Besides storing a key and a val, each BSTNode contains a pointer to its left child, right child and parent. As with the Dlist, we are going to have a sentinel node that simplifies the code. The only part of the sentinel that we're going to use is its right pointer. That is going to point to the root of the tree. Rather than point to NULL, pointers that should point to nothing will point to the sentinel. Thus, when we create the following tree:

```UNIX> bstree_test -
INSERT Fred         026-631-5520   826-96-9094
INSERT Binky        944-867-2246   165-79-8849
INSERT Luigi        462-055-3150   827-30-6292
QUIT
UNIX>
```
It is going to have the following representation: The constructor, size() and Empty() are straightforward as usual. The empty tree has sentinel->right point to sentinel:

 ```BSTree::BSTree() { sentinel = new BSTNode; sentinel->parent = NULL; sentinel->left = NULL; sentinel->right = sentinel; sentinel->key = "---SENTINEL---"; // This helps with debugging. sentinel->val = NULL; size = 0; } ``` ```bool BSTree::Size() const { return size; } ``` ```bool BSTree::Empty() const { return (size == 0); } ```

The implementation of Find() is a simple while loop that either finds the key or returns NULL when the sentinel has been reached:

 ```/* This is a standard search on a binary search tree. */ void *BSTree::Find(const string &key) const { BSTNode *n; n = sentinel->right; while (1) { if (n == sentinel) return NULL; if (key == n->key) return n->val; n = (key < n->key) ? n->left : n->right; } } ```

Insert() starts similarly to Find(). If it actually finds the key, then it returns false. Otherwise, the important thing is finding the parent of the newly created node. Once the parent is found, the new node is created, its left and right pointers are set to be the sentinel, and its parent pointer is set to be its parent. At this point, all of its pointers are correct -- the only thing that needs to be fixed is the parent -- the new node is either the parent's left or right child. Once that is figured out, the pointer is set, and we return true:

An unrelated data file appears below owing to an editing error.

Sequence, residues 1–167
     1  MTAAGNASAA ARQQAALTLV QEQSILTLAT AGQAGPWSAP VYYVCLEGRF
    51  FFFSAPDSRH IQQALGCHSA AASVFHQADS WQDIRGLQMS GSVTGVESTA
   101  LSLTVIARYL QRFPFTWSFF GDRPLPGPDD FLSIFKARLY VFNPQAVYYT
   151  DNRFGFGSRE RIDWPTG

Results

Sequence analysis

```bool BSTree::Insert(const string &key, void *val) { BSTNode *parent; BSTNode *n; parent = sentinel; n = sentinel->right; /* Find where the key should go. If you find the key, return false. */ while (n != sentinel) { if (n->key == key) return false; parent = n; n = (key < n->key) ? n->left : n->right; } /* At this point, parent is the node that will be the parent of the new node. Create the new node, and hook it in. */ n = new BSTNode; n->key = key; n->val = val; n->parent = parent; n->left = sentinel; n->right = sentinel; /* Use the correct pointer in the parent to point to the new node. */ if (parent == sentinel) { sentinel->right = n; } else if (key < parent->key) { parent->left = n; } else { parent->right = n; } /* Increment the size and return success. */ size++; return true; } ```

The tough code is Delete(). The first thing that we have to do is find the node. Once we do, we consider the three cases that are described above. If the node has no left child, then we replace the node with its right child. The way we "replace" the node is we set the parent's link to that node to equal the right child. Otherwise, if the node has no right child, then we replace it with its left child.

Those are the easy cases. The hard case is when the node has two children. In that case, we find the maximum node whose key is less than the node's key (There are no duplicates, which simplifies matters). This node is in the variable mlc. We recursively delete mlc, and then replace n's key and val with mlc's key and val: